Officials with America’s Council for the Creative Economy want to open a training academy for 3-D animation and special effects for television, movies, video games, and mobile applications, and for corporate, scientific, and medical visualizations. Credit: Flickr / Vancouver Film School

San Antonio could become the first city in the United States to host a program that is giving youth in other parts of the world the chance to learn a new skill, join the workforce, and see their names in the credits of blockbuster movies.

Officials with America’s Council for the Creative Economy (ACCE) are currently scouting for locations to open a training site, possibly on San Antonio’s West Side, and seeking funding to get it started. The school would provide training in 3-D animation and special effects for television, movies, video games, and mobile applications, and for corporate, scientific, and medical visualizations. The idea is to connect students to the creative industry here and in Hollywood.

On Tuesday, a local philanthropist and the council’s creative director pitched the program to a group of potential investors, donors, and school district representatives as a way to put San Antonio’s disconnected youth to work.

Bexar County has more than 30,000 young people between the ages of 16 and 24 who are “disconnected” – not working or in school, according to estimates based on the U.S. Census Bureau’s American Community Survey.

Nationally, with more than 5.5 million youth deemed disconnected, the cost to taxpayers comes to $93 billion annually  in lost revenues and increased social services, according to Opportunity Nation.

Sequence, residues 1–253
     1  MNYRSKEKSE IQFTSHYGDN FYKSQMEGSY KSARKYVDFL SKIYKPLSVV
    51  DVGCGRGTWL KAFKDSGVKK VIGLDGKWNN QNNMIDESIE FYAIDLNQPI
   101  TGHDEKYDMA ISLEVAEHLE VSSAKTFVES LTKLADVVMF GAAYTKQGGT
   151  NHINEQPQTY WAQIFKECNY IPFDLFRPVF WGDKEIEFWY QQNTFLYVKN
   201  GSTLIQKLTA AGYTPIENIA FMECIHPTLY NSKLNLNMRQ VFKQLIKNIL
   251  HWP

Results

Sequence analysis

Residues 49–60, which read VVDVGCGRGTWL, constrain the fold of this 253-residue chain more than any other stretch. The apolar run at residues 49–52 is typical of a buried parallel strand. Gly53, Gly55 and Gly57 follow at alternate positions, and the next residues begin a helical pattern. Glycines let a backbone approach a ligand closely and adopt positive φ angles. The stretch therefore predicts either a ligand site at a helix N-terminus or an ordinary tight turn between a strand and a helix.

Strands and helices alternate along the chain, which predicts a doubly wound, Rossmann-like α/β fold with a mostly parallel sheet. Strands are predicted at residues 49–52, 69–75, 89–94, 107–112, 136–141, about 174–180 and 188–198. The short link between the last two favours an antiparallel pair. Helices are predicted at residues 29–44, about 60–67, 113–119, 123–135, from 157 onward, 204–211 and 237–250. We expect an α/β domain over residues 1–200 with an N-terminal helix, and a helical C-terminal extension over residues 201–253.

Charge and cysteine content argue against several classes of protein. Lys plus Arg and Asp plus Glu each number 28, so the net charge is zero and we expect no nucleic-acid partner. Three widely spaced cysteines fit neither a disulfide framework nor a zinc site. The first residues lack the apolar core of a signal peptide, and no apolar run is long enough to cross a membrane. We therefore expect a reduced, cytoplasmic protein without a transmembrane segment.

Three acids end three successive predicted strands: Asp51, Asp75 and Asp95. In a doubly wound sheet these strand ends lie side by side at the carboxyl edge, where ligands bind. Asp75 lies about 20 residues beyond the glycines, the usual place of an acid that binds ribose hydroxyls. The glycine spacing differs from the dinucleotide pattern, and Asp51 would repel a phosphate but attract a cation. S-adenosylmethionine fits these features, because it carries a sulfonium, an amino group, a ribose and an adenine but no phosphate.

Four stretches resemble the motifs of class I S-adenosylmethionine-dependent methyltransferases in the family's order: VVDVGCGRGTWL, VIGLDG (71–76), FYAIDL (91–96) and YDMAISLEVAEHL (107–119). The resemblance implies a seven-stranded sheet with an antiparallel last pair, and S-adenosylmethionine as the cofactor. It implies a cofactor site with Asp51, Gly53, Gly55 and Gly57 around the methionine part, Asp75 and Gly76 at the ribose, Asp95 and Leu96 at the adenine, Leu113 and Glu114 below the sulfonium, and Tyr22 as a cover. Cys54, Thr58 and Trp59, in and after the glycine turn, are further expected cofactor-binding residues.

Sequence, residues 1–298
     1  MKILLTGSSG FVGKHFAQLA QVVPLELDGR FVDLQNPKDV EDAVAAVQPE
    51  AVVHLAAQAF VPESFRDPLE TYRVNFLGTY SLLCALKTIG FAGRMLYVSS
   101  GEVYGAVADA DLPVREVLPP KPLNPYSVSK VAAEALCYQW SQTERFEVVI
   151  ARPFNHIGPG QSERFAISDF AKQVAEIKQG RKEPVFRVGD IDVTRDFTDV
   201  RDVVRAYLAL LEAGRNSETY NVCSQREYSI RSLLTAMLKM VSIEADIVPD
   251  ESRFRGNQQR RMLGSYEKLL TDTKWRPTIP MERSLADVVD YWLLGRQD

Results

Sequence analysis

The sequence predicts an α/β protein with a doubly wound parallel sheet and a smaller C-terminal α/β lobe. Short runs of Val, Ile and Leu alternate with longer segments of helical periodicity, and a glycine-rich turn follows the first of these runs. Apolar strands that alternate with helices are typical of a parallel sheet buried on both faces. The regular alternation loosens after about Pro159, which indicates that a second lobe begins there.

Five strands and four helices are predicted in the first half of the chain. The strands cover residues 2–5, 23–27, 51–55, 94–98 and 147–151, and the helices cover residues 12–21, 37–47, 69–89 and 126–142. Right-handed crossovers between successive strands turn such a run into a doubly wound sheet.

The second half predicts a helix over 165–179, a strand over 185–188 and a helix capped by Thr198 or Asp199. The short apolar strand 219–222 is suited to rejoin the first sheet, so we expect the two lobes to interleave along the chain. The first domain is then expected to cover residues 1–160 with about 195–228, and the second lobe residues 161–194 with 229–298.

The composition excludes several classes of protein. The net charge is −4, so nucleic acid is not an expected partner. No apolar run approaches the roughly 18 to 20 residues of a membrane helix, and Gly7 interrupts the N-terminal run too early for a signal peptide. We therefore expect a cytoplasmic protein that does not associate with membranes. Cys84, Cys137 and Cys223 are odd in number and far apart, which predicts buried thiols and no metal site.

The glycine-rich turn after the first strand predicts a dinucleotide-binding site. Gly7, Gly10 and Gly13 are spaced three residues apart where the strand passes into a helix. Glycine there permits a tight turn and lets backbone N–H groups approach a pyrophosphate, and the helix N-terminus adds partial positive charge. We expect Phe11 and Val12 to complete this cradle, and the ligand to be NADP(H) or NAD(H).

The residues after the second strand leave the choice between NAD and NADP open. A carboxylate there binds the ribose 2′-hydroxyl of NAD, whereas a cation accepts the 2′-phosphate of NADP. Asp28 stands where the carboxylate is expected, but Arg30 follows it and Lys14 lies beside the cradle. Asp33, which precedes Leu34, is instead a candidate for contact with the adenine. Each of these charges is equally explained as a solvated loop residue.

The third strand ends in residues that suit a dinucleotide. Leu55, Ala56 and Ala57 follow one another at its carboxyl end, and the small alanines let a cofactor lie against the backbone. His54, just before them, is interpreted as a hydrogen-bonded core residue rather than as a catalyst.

The issue struck a chord with Mark Marion, a retired telecom executive and philanthropist who moved to San Antonio last year. “And I thought maybe there’s some little thing I can do to make a difference,” he said.

Marion partnered with film industry veteran Carlos Arguello, whom he had met at a tech conference, to bring ACCE Academy to San Antonio. 

Born in Nicaragua and raised in Central America, Arguello struggled in school due to dyslexia and later worked his way through art school in the U.S., where he discovered computers. Technology opened doors for him that led to a job with NASA, he said, then later in special effects in the entertainment industry. He retired early and returned to Central America after a successful career working on films such as Fast and Furious, Chronicles of Narnia, and Shrek, often with remote teams based in London and elsewhere.

“But then I realized there was a lot of young people that wanted to work in this industry, that they basically wanted to participate, but they didn’t have the knowledge and they didn’t also know how to get into the industry,” Arguello said. He started a school with 30 students that has grown exponentially into what is now known as ACCE with similar programs in Colombia, Guatemala, Jamaica, and Mexico.

Arguello and Marion are looking to open the nonprofit ACCE Academy in San Antonio and train 150 students in its first year, and 300 the next. They hope to raise $2.8 million, which would cover operating expenses and tuition for 450 students for the first two years.

Tuition is $575 monthly per student, with courses offered 11 months of the year. Arguello said similar programs in the U.S. are offered through some universities, such as Ringling College of Art and Design in Florida, and can cost up to $60,000 a year.

The program would be sustained in future years through tuition funded through federal financial aid, corporation-funded scholarships, and continuous fundraising activity.